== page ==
Baltimore Symphony locks out musicians over stalled contract talks

Mon Jun 17, 2019 at 11:32 am

The problems at the Baltimore Symphony Orchestra have gone from bad to worse. 

The board of directors announced Sunday night that it would lock out the BSO musicians, Local 40-543, as of Monday morning. Management had threatened this action if the months-long contract negotiations with the musicians remained unresolved by the end of the subscription season this weekend.

At issue in the standoff was the status of the BSO as a full-time orchestra. Management has insisted the orchestra must become a part-time ensemble and has proposed cutting back the season from 52 weeks to 40 weeks. At the end of May, management cancelled the orchestra’s summer season, including a significant festival celebrating contemporary music composed by women, mere weeks after announcing it.

That comes after the Maryland state government allocated $3.2 million in funding to the BSO, although that money has yet to be released. Management noted in their press release that this “anticipated funding … is very unlikely,” although it provided no evidence to support that claim. Their position remains that the orchestra is “facing serious cash flow issues following years of substantial losses.”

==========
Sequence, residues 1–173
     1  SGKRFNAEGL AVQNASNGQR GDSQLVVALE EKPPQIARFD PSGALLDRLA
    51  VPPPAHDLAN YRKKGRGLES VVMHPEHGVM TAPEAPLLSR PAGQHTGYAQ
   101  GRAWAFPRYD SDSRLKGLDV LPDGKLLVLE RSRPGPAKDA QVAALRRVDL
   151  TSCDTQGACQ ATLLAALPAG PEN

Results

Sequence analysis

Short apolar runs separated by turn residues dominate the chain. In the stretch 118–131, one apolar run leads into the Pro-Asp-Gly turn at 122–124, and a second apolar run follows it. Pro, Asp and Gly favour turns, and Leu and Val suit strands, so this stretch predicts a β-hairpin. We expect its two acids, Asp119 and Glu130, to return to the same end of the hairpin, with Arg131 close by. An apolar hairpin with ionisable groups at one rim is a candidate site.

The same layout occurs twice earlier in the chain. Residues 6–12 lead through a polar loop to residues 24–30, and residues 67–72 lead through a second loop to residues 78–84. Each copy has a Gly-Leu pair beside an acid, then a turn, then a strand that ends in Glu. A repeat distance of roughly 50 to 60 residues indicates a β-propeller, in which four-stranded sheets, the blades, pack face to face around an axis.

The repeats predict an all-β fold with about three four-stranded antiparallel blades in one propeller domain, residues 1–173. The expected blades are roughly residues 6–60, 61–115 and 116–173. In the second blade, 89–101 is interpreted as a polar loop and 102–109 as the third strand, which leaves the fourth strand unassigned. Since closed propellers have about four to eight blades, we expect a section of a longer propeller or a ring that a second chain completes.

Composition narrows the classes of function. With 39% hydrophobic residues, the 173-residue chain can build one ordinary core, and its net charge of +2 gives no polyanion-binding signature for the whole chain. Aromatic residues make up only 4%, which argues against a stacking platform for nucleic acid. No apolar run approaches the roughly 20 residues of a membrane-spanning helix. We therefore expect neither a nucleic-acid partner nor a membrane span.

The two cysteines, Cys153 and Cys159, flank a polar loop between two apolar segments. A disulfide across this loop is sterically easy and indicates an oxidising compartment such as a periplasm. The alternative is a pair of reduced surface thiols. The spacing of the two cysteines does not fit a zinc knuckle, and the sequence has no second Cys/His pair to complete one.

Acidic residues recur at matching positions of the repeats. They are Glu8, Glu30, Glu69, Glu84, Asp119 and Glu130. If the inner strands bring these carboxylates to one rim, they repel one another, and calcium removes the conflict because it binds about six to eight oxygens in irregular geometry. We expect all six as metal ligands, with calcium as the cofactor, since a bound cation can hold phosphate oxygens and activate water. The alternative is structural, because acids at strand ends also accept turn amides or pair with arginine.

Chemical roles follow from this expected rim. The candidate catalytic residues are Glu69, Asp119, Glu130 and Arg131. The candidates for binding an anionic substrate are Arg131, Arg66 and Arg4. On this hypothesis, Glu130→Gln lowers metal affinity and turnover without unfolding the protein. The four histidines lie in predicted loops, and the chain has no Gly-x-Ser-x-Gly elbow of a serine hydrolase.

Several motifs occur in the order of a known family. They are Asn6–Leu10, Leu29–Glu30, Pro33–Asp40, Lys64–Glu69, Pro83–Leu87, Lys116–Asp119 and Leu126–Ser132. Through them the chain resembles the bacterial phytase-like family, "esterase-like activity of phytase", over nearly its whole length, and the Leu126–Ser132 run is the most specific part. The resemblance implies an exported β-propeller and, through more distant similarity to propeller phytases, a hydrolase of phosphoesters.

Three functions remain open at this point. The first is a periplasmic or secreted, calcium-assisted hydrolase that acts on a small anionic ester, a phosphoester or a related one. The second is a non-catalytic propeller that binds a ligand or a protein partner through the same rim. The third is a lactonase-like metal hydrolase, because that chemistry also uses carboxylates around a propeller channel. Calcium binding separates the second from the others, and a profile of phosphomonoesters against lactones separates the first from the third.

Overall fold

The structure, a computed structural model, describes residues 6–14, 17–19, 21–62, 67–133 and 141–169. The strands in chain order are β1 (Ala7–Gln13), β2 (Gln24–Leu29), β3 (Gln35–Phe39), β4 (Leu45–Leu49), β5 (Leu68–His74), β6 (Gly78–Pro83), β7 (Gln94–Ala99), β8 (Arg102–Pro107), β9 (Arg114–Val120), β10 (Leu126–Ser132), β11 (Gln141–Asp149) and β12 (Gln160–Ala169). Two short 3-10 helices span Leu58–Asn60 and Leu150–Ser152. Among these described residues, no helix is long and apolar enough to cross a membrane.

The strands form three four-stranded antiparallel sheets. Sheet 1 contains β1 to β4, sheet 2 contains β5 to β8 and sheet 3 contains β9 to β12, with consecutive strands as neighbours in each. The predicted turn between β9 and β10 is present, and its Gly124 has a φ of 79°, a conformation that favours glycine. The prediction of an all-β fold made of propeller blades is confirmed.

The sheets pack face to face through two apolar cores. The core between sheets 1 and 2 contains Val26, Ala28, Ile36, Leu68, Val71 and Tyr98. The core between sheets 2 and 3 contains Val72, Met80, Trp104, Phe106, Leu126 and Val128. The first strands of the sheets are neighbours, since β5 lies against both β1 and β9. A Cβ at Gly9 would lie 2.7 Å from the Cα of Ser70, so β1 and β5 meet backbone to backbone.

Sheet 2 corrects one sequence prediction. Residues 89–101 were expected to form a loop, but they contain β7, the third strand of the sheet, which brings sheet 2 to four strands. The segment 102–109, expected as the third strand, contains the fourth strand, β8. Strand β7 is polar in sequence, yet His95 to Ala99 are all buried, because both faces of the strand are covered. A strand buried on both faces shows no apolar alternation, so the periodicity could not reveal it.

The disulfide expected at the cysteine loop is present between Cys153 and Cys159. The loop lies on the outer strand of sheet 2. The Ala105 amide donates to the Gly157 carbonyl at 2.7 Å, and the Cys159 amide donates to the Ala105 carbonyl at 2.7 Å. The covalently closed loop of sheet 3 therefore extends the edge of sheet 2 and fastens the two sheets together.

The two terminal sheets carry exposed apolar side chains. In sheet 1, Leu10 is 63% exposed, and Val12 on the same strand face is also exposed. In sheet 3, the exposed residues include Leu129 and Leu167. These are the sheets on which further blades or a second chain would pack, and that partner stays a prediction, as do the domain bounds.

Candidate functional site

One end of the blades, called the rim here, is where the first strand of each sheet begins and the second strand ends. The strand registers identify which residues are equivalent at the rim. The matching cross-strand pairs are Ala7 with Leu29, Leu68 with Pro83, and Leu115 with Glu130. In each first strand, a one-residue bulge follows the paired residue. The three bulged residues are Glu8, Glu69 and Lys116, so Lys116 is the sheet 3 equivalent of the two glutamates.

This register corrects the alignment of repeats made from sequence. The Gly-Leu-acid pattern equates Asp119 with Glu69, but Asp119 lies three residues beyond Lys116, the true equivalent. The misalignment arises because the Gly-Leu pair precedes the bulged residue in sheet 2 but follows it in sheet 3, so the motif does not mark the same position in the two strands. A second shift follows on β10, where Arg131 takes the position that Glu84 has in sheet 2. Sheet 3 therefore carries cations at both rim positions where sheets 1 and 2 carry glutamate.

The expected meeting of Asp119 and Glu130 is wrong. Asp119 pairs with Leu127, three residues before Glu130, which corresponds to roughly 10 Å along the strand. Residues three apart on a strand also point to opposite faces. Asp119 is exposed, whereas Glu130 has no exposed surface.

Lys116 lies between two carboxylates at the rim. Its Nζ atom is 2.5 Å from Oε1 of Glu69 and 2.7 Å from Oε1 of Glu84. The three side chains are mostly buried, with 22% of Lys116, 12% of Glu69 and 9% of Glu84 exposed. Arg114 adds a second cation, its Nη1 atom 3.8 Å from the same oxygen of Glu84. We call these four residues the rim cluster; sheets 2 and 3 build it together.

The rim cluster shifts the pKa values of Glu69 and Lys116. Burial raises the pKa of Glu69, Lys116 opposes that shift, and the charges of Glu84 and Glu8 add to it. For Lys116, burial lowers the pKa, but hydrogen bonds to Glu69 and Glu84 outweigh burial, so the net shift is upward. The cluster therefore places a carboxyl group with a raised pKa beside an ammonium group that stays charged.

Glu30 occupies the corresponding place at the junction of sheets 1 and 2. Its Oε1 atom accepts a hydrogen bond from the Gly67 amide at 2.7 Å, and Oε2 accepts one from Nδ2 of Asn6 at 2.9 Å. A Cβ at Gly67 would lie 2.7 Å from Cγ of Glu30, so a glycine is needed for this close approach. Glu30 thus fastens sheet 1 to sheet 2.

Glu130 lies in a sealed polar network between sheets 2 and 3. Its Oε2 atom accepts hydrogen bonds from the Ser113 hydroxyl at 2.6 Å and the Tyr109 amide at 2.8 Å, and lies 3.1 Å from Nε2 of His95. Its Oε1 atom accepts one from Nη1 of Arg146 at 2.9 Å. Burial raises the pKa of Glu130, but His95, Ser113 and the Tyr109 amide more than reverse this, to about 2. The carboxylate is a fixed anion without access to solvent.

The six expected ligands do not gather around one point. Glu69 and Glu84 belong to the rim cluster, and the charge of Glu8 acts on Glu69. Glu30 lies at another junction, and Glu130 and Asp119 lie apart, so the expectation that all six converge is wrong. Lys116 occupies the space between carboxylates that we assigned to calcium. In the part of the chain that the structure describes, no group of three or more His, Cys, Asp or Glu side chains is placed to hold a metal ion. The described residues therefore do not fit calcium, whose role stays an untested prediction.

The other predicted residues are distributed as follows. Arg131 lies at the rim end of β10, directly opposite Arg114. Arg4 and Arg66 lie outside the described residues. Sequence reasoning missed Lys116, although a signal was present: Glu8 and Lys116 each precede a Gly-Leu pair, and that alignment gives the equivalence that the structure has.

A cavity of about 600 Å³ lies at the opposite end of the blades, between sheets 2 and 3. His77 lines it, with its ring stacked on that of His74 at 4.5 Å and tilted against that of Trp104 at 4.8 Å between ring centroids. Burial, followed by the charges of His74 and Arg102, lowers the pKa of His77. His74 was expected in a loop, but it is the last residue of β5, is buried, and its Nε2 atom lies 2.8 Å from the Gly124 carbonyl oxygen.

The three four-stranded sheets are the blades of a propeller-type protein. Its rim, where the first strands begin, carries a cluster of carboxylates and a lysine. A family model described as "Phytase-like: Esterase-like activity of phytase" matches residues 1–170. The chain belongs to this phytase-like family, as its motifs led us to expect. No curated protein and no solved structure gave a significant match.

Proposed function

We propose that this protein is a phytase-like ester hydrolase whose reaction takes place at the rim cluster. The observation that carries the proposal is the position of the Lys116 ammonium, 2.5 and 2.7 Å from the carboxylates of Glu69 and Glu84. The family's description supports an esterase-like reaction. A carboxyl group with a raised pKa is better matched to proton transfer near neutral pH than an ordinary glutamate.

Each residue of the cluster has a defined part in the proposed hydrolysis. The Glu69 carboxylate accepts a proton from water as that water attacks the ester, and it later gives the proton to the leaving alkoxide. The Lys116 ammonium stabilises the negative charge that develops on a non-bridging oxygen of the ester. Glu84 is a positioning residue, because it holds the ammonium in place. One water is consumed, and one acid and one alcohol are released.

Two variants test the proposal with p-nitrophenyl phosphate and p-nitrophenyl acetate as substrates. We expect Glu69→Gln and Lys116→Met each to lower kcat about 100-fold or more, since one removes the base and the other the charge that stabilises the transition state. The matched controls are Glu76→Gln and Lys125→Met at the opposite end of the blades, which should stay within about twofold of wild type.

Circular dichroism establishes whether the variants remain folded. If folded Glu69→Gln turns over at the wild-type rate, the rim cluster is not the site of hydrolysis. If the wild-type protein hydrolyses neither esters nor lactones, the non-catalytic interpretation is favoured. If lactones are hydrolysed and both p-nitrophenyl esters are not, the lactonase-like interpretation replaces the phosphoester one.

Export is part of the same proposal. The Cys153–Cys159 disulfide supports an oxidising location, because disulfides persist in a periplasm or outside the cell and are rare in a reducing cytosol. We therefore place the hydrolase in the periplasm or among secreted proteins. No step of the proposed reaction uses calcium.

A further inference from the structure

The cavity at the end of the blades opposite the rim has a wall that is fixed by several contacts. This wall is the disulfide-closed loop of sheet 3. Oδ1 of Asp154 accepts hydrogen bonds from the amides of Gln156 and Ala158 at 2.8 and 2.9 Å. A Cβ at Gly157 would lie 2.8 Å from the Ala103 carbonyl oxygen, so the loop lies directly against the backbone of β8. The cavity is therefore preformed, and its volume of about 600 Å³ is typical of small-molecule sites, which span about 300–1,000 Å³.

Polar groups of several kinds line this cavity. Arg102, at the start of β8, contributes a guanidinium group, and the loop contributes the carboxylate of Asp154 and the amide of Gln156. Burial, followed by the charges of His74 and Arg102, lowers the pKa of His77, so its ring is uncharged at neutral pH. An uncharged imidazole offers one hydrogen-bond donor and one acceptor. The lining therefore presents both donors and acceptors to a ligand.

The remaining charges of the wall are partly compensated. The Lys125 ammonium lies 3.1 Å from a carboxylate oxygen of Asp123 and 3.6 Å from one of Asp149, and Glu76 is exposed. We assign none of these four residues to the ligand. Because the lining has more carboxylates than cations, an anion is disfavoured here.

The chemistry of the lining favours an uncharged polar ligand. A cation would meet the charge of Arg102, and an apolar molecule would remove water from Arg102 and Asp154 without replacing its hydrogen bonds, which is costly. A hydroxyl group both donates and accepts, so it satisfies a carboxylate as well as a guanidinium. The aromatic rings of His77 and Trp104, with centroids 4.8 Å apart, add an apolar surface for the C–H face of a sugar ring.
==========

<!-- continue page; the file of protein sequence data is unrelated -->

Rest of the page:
For their part, the musicians have countered that the loss of their salaries, as well as their health care, which will be cut after June 30, “is happening with less than three weeks’ notice.” In their press release, the musicians also note that they “learned of their impending unemployment through social media rather than directly from BSO Management.”

Music director Marin Alsop has made no public statement on the matter. Her salary reportedly topped the $1 million mark in the 2014-15 season, a first for a woman and for a BSO music director’s compensation. The latest public data shows that Alsop took a 16% pay cut in the 2015-2016 season. Alsop’s current contract as music director extends through 2021.

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